This is probably even empirically true, but that’s not the angle that Obama spins—if you listen to his stump speeches and look at his campaign’s materials, you’ll see someone that’s really trying to deliver a populist, semi-centrist message. The real lesson that the Democrats can take home from this is that liberalism with a veneer of populism/centrism is enough to mollify enough of the electorate to win.
2) You can nominate a black from a background that shares nothing in common with the American people and win.
Obama’s background cannot accurately be described this way. Sharing “nothing in common with the American people” is hyperbole. Conservatives (or ersatz conservatives like me) don’t benefit from characterizing Obama this way. We’re better off sticking to the facts and offering reasoned criticisms lest we get tarred with guilty associations to people like this—not that some of these observations can’t be supported, they just need to be articulated.
3) You can nominate a member of an openly anti-white racist church and win.
This is essentially true—it’s ironic that while the electorate obviously wants a “person of faith” to be elected President, it is from his attendance at this church that Obama derives most of his Christian cred.
4) You can nominate the Democrat who was weakest among Reagan Democrats, blue collar and Catholic ethnics, etc., and win.
This is for all intents true and in any fashion that it’s not, a similar comparison with Clinton should suffice.
5) Any black who does not come across as Al Sharpton or Jesse Jackson will get so many white guilt votes that he can win.
Chalking this all up to “white guilt” is a bit of a stretch. Perhaps a case can be made that the post-modernist education most people receive is indirectly related to white guilt but for most, I think it’s reasonable to inject at least one degree of separation. Not much of the general public is race realist—most naively believe in the blank slate. This point is evident when we look at the political failures of those like Harold Ford Jr.—white guild is not sufficient.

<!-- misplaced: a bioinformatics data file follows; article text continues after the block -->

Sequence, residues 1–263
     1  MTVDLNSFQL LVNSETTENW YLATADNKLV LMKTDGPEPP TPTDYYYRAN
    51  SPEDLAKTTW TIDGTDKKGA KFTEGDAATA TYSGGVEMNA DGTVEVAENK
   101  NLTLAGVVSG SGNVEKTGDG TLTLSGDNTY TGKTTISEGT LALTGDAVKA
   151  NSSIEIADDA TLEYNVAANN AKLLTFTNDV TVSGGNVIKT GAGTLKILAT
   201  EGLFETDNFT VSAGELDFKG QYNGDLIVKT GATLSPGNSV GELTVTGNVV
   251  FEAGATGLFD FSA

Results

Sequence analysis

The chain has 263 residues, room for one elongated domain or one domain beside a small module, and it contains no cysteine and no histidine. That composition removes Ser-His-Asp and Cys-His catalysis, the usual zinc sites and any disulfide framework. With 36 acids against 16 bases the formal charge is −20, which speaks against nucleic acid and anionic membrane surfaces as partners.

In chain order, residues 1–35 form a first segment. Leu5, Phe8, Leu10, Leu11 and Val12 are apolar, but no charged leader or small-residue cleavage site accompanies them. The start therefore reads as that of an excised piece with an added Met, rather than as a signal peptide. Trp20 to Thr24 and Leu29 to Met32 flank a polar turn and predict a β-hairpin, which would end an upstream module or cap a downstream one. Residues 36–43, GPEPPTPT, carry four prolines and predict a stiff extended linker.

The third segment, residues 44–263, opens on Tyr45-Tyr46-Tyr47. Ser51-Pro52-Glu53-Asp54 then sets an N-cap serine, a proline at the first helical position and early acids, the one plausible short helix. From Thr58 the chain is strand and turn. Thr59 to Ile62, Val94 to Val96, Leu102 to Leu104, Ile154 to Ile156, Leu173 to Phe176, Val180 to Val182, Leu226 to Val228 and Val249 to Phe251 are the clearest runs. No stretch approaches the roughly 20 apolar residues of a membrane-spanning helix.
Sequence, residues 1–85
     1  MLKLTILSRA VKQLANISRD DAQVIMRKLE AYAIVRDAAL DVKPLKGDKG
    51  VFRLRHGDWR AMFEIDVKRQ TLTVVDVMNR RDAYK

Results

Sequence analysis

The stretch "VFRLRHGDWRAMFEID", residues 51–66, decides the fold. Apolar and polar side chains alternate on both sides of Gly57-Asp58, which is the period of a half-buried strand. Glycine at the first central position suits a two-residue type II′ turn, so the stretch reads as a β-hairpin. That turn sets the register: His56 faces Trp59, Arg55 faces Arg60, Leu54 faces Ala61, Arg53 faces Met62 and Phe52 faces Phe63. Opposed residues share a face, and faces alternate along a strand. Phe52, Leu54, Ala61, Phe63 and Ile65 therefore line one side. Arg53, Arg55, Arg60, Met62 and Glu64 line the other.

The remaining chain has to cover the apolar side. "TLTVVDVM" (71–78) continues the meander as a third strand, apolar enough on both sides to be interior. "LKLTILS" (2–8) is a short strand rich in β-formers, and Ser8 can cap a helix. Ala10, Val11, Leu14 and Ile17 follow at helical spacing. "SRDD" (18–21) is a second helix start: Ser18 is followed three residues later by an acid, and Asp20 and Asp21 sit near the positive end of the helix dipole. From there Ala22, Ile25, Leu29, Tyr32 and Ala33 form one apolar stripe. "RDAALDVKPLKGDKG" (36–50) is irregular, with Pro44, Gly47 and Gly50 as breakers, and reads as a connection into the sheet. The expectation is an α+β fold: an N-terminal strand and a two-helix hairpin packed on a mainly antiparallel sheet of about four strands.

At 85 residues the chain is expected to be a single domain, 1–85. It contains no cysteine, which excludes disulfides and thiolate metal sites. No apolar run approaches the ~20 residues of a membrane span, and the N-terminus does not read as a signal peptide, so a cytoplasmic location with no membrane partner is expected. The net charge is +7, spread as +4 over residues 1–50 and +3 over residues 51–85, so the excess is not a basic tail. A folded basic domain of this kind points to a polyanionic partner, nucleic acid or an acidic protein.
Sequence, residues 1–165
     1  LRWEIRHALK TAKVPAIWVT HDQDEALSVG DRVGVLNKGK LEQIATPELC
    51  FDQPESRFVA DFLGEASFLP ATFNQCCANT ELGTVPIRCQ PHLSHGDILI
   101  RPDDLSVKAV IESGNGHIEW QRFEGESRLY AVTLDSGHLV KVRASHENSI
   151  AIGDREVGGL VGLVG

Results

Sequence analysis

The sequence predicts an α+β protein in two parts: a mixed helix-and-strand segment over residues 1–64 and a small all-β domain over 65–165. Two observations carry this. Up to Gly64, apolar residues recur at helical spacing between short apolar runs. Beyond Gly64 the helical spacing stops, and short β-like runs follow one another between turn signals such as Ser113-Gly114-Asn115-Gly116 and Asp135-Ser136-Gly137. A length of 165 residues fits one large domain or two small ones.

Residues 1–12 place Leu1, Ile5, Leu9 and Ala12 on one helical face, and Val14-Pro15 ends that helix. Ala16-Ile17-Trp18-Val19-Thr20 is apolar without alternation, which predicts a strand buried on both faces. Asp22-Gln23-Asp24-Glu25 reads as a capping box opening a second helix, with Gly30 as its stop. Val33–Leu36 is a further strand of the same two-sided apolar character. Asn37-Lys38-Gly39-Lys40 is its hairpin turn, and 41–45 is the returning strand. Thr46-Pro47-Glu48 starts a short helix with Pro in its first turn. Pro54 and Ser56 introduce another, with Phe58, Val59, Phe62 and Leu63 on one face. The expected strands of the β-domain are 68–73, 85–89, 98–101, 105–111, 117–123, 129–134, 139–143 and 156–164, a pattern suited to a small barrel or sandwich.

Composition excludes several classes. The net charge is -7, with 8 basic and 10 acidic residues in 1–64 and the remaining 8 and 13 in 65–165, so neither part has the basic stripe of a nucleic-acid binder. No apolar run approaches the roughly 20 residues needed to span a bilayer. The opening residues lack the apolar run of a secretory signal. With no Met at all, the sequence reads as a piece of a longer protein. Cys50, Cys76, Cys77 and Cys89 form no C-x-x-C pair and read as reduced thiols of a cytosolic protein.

6) You can nominate the typical leftist appeaser with no foreign policy toughness, even in the middle of a war, and win.
I’m not sure that this sticks to Obama—a lot has been made of Obama’s statements about meeting unconditionally with America’s enemies, yet I don’t think that there’s definitive evidence to suggest that Obama is or would be a Chamberlain-esqe appeaser.
7) A nominee who appeals to the MoveOn.org crowd is a winner.
Does this say more about the candidate, the party, or the electorate? I think we agree that most Americans aren’t what you consider conservative, and the large preponderance are liberals by my own standards.
8) The key to winning is ACORN-style election fraud, dragging blacks to the polls, registering the homeless, etc., NOT appealing to mainstream white Americans.
Election fraud has been the excuse of both mainstream parties—while it is undeniably a problem and no amount of it is acceptable, it is by no means “the key to winning.” We shouldn’t hoist the straw man of election fraud after Obama wins this election. The platform of the Republican party is simply not popular enough with contemporary Americans. Whether this is due to a deficiency in the former or the latter is what should be up for debate.